Nearly 74 years after flying over Normandy, France in 1944 during D-Day, Coleman Fait’s C-47 Model A made a stop in Brownwood on its way to an airshow in Lakeland, Florida.
Fait made his first stop on a cross-country journey from Chino, California to Florida and took advantage of the city’s amenities during his brief stay before setting off for the Sun and Fun International Fly-In Expo.
“This is the first stop for fuel and we’re going to see if we can make it the rest of the way,” Fait said. “… Your gas operator here advertises in a deal that a lot of pilots use. We saw the gas prices were good so we stopped here and got 680 gallons of gas.”
Fait said his C-47 Model A left the factory in early 1943 and saw its first combat at the Invasion of Normandy.
“It’s first real action was on D-Day. It hauled troops on D-Day and they jumped out of it at 2:30 that morning,” Fait said. “… It flew that whole week carrying troops, hauling wounded out and bringing in supplies.”
Fait estimated 1,000 of the original 10,000 C-47s produced are still operational with half of those flying in the U.S. He attributed their longevity to a mixture of engineering and enthusiasm.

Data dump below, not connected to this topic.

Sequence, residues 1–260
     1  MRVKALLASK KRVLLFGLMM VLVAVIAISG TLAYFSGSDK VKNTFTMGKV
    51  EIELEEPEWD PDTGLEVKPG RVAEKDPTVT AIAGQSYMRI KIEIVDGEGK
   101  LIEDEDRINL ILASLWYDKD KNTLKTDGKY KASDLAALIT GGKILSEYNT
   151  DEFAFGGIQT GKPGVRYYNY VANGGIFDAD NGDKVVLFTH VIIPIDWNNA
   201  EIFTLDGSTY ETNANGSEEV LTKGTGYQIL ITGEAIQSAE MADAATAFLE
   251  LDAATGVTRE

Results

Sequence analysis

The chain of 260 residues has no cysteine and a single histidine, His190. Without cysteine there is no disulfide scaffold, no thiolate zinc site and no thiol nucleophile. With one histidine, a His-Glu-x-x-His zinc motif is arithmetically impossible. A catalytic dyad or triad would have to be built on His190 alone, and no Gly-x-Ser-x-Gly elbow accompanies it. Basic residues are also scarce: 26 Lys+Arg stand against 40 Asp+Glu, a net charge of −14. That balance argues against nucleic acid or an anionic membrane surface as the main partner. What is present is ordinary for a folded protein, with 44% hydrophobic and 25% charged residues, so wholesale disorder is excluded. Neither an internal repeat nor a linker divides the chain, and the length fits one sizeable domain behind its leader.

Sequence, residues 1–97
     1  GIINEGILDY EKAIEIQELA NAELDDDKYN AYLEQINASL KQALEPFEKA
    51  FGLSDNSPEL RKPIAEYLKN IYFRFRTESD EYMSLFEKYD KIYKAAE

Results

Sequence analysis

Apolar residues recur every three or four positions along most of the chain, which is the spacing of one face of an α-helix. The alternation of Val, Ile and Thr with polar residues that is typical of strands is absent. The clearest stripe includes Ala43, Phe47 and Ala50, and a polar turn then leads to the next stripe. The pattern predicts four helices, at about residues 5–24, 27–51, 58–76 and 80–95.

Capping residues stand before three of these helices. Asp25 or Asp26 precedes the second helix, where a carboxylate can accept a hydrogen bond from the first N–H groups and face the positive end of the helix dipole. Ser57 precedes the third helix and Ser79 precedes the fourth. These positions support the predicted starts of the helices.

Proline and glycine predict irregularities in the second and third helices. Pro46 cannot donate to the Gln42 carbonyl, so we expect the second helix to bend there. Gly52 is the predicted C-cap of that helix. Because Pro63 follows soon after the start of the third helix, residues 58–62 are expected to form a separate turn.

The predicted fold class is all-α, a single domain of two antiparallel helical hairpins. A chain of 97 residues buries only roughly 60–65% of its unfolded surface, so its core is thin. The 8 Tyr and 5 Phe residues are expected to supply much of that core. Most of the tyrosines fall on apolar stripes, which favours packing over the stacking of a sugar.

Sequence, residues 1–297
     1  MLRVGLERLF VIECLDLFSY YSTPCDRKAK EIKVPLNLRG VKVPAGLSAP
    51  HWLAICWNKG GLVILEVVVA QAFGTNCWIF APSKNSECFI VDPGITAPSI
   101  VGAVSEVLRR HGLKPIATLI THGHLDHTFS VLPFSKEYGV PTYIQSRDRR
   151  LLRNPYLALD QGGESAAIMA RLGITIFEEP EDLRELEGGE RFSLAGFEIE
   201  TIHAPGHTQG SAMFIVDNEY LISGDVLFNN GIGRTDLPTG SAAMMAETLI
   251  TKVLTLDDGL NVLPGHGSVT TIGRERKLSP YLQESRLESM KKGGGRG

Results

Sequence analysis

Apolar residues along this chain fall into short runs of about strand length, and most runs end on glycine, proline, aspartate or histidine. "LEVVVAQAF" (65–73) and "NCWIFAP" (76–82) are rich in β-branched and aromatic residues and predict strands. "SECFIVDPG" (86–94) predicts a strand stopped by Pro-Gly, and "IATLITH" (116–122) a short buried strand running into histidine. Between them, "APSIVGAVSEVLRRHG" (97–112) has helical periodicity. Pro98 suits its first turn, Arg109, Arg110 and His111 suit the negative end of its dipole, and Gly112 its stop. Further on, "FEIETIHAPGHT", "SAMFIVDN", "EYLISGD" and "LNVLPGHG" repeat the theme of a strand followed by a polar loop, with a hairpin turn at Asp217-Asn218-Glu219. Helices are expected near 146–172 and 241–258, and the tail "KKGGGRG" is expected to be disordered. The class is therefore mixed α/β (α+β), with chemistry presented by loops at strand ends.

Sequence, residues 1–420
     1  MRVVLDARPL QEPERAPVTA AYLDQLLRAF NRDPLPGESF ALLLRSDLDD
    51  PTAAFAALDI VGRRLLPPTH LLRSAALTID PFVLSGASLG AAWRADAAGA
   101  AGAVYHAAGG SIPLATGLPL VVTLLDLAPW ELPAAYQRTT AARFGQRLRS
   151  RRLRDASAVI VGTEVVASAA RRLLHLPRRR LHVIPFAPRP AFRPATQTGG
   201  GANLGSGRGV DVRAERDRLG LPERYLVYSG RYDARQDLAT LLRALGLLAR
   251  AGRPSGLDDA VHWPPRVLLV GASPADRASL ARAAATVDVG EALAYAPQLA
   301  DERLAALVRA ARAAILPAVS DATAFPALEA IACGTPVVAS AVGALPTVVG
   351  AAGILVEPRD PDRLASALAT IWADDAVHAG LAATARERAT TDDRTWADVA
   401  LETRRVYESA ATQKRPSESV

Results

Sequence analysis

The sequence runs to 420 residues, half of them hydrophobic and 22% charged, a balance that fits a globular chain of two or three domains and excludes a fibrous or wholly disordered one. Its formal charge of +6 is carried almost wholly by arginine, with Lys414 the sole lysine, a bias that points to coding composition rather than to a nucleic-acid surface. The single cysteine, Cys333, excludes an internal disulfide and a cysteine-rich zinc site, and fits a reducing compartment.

“In the aviation world, if you ask any pilot, this is near the top of their list of airplanes to enjoy,” Fait said. “They’re easy to acquire, but hard to keep flying … It was designed in the mid ’30s. They did not know as much about engineering as they do today so to be on the safe side they overbuilt these. This is the brick house of the air. They’re pretty tough.”
Fait said it takes two pilots to operate a C-47 and he prefers to have a four-person crew, including his son Coleman Fait Jr. for a co-pilot, a standby pilot and an assistant for takeoff and landing preparation.
“There are a few things a solo pilot would have a difficult time doing. Operating the gears is a little complicated in this thing,” Fait said.
After D-Day, Fait’s C-47 also participated in Operation Varsity in Wesel, Germany and Operation Market Garden in The Netherlands and Germany before being decommissioned and put into private use. Fait called it America’s first airliner and considers the C-47 the backbone of the early U.S. airline industry.
“This really was the first airliner,” Fait said. “It made it back after the war and has been a corporate plane for most of its life. We just painted it back to its D-Day colors last winter.”